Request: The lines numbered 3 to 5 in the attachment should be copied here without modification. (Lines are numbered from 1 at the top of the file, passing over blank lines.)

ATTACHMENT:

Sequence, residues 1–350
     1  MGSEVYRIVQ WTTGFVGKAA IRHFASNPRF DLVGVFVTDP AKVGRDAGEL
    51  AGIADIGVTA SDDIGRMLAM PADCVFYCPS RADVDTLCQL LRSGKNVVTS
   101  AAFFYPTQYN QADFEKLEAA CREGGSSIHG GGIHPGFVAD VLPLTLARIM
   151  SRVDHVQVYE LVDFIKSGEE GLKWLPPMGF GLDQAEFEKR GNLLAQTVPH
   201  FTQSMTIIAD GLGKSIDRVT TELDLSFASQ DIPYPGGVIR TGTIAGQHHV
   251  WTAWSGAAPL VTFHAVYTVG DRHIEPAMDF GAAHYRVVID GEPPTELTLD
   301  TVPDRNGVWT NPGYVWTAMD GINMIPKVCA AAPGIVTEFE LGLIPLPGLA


    51  AGIADIGVTA SDDIGRMLAM PADCVFYCPS RADVDTLCQL LRSGKNVVTS
   101  AAFFYPTQYN QADFEKLEAA CREGGSSIHG GGIHPGFVAD VLPLTLARIM
   151  SRVDHVQVYE LVDFIKSGEE GLKWLPPMGF GLDQAEFEKR GNLLAQTVPH